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Preventing Motorcycle Accidents

Motorcycle accidents claim many lives each year and also cause serious personal injuries, including broken bones, head trauma, and spinal cord injuries. Because motorcycles are much smaller than other vehicles on the road, a collision between a motorcycle and a passenger vehicle or a truck tends to result in severe injuries for the motorcyclists. Motorcyclists also tend to be more injured because they are not protected on all sides by metal, plastic, and airbags. Luckily, there are many things that motorcyclists can do to help prevent accidents:

1) Always wear a helmet and protective gear. A motorcycle has no windshield or airbags. In a collision, most motorcyclists are thrown and when this occurs, brain injury is a common cause of fatalities. Helmets are your best way to reduce traumatic brain injuries, but to be effective they must be worn each time you climb on your motorcycle. Look for a helmet that offers a face guard or visor. This will protect your face in an accident and will keep your visibility good, so that you can avoid accidents. In addition to a helmet, long pants, boots, gloves, and a jacket can help prevent scrapes if you fall.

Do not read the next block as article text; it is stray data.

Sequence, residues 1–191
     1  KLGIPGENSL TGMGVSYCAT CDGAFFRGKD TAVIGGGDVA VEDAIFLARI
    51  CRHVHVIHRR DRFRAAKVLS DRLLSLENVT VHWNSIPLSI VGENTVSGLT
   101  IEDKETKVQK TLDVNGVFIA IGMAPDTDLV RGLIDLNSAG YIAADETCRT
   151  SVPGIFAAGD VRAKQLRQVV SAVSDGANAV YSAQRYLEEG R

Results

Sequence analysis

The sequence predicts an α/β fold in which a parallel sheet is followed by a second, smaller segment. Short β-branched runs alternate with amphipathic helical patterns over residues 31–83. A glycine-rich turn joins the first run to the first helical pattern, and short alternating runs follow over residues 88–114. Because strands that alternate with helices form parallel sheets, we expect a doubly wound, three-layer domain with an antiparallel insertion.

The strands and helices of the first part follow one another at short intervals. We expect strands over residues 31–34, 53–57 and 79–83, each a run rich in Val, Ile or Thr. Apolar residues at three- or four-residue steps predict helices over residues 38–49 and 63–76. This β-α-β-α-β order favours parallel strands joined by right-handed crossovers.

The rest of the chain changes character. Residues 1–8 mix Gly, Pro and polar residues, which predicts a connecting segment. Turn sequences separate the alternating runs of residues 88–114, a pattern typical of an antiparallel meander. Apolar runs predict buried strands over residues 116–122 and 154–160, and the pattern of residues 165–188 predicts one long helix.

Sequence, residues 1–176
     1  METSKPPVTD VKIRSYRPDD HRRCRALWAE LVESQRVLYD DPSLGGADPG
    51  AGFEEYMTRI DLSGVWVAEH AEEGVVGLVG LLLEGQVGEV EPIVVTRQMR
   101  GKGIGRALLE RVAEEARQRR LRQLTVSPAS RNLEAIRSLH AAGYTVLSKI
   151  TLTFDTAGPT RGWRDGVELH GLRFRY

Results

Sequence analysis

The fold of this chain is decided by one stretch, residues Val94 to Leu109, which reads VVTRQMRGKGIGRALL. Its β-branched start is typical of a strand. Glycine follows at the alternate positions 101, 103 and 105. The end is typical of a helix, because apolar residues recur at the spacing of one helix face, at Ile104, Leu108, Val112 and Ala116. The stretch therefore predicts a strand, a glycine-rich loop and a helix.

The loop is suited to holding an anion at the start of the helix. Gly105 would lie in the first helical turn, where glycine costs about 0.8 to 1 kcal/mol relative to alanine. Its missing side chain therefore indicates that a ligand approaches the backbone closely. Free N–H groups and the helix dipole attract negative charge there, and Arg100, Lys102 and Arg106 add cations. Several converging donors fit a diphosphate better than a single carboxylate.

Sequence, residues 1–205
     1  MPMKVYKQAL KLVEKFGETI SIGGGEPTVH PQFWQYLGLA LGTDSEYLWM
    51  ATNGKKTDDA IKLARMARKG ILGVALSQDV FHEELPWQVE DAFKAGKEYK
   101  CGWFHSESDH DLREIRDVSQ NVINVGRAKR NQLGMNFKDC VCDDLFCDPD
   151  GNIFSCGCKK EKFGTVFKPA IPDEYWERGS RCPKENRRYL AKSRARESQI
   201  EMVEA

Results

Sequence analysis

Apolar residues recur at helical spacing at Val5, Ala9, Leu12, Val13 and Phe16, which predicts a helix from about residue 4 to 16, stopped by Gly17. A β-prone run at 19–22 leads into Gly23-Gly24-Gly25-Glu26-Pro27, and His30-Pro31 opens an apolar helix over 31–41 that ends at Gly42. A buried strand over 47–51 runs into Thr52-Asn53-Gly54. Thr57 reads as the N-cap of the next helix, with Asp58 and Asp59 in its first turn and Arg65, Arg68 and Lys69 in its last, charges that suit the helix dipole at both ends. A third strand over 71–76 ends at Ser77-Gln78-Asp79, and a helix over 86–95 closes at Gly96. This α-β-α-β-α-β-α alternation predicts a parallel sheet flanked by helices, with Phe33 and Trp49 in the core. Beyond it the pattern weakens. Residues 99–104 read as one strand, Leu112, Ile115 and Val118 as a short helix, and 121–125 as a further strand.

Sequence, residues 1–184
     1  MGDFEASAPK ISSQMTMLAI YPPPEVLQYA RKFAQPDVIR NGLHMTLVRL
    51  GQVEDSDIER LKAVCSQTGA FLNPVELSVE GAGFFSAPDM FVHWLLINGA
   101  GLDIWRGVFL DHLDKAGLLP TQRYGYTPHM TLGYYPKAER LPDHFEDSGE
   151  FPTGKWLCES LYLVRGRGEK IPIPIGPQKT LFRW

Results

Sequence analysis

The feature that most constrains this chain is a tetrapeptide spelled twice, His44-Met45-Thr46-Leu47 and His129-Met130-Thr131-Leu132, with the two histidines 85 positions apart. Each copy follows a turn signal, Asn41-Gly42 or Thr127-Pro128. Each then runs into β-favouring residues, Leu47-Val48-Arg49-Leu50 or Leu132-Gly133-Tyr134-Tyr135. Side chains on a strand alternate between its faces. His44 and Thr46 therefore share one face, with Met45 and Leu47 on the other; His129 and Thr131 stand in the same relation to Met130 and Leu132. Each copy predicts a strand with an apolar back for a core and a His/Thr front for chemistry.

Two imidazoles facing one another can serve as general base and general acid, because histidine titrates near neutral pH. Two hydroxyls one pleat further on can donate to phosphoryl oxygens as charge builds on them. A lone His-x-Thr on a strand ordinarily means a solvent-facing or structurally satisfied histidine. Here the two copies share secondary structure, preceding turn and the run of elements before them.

2) Get a proper license and training for a motorcycle. All states require motorcyclists to be licensed. In addition to licensing, consider taking extra on-bike training and additional training classes designed especially for motorcyclists. This will teach you how to ride a bike in various conditions and how to avoid some of the common dangers that face motorcyclists.

3) Do not drive under the influence. Never drink and drive, but also check your over the counter and prescription medications. Anything that affects your vision or makes you drowsy can cause an accident, so leave your bike at home until you are no longer on medication.

4) Do not speed. Studies have shown that 40% of fatal motorcycle accidents involved a motorcyclist who is speeding. If you speed on your motorcycle, you are more likely to lose control and get into an accident.

5) Look ahead and anticipate. Large bumps and holes in the road will affect you more than they will passenger cars, so anticipate them and plan ahead. Look for cars pulling out of parking spaces and side streets, as well – they may not see you in time.

6) Keep your headlights on every time you ride your motorcycle, even in the daytime. This is a law in most states, but it is also a good practice since it makes you more visible to others on the road.